A Green Solution

Edited By Tom Hale | September 28, 2010

Mechanical Inc. has a solid track record of successful hospital and green building projects, and that combination made them the mechanical contractor of choice for Sherman Hospital’s $310-million replacement hospital in Elgin, Ill. Scheduled to open in late 2009, the hospital will be mainly heated and cooled by geothermal energy from a 15-acre artificial lake next to the facility.

"The geothermal lake was a wise choice, both economically and ecologically," says Brian Helm, president of Mechanical Inc., Freeport, Ill. "The lake is projected to decrease Sherman’s gas and electric costs by nearly $1 million annually."

Helm adds that Mechanical Inc. is installing the hospital’s intricate heating and cooling system, including 275,000 feet of 2-inch piping in the geothermal heat exchanger – a component that uses the lake’s natural geothermal properties to heat and cool the hospital. Mechanical Inc. is also installing the medical gas piping and the plumbing in the facility.

Mechanical Inc. is working with Walsh Construction, the construction manager for the replacement hospital.

"Sherman Hospital will be the first hospital in Illinois to build a geothermal lake," says Selena Worster of Mechanical Inc., project manager for the geothermal lake. "This lake will also be the largest of its kind in the nation."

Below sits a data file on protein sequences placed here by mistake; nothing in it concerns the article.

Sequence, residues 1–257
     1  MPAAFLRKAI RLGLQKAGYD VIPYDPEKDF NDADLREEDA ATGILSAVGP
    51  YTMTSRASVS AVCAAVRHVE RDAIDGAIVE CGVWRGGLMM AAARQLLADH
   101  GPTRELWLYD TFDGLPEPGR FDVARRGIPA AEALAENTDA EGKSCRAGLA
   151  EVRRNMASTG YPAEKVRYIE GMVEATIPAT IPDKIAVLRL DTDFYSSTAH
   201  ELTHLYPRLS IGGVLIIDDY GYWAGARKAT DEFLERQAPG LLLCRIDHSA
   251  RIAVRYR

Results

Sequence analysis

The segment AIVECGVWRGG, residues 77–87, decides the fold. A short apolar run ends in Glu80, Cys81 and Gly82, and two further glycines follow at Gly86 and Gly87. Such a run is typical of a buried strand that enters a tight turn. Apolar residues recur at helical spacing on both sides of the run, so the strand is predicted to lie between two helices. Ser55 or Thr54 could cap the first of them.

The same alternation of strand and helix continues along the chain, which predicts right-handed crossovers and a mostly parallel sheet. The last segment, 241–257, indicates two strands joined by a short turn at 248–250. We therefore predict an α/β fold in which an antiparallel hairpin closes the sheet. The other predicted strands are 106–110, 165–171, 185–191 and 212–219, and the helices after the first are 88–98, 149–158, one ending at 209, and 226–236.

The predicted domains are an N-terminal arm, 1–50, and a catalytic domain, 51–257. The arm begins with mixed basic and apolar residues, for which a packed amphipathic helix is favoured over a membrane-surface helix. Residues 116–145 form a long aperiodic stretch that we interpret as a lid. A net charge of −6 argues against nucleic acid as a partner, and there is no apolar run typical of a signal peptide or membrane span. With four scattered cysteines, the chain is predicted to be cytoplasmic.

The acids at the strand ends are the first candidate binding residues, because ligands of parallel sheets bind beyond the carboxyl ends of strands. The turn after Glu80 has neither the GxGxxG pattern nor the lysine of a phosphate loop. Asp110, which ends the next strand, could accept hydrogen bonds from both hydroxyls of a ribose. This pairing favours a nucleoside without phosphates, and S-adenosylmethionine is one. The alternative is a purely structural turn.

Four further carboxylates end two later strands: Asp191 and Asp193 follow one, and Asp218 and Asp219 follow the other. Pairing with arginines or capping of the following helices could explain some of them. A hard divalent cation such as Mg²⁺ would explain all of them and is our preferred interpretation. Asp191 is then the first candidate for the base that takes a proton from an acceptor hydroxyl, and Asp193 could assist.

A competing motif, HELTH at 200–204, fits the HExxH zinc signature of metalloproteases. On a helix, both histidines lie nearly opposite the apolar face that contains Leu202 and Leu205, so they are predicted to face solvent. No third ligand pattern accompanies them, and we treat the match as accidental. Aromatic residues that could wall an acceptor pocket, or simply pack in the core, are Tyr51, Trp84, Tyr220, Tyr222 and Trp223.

Saving Energy

According to Worster, solar energy absorbed by the Earth gives the ground below the 17-foot-deep geothermal lake a consistent temperature of 55 degrees.

The lake will have a natural clay liner and be filled with rainwater. Water-bearing coils of piping, or barges, are stationed at the lake’s floor. The steady temperature at the bottom of the lake will be the heating and cooling source for water passing through the barge coils. This water, in turn, is circulated by a lake loop heat-pump system.

When the circulating water reaches the geothermal heat exchanger, the energy is converted to warm or cool air to regulate the temperature of the majority of the hospital’s rooms. The emergency room and surgical suites will employ a traditional heating and cooling system, since they require cooler temperatures.

"The geothermal lake will give Sherman flexibility to grow," says Worster. "It will be easy to expand the geothermal system along with the hospital."

Worster sees this project as the beginning of a greener future for the Midwest, and ultimately the nation. "More and more businesses are embracing green building," she says. "Hopefully this project will inspire other businesses to pursue their own green solutions."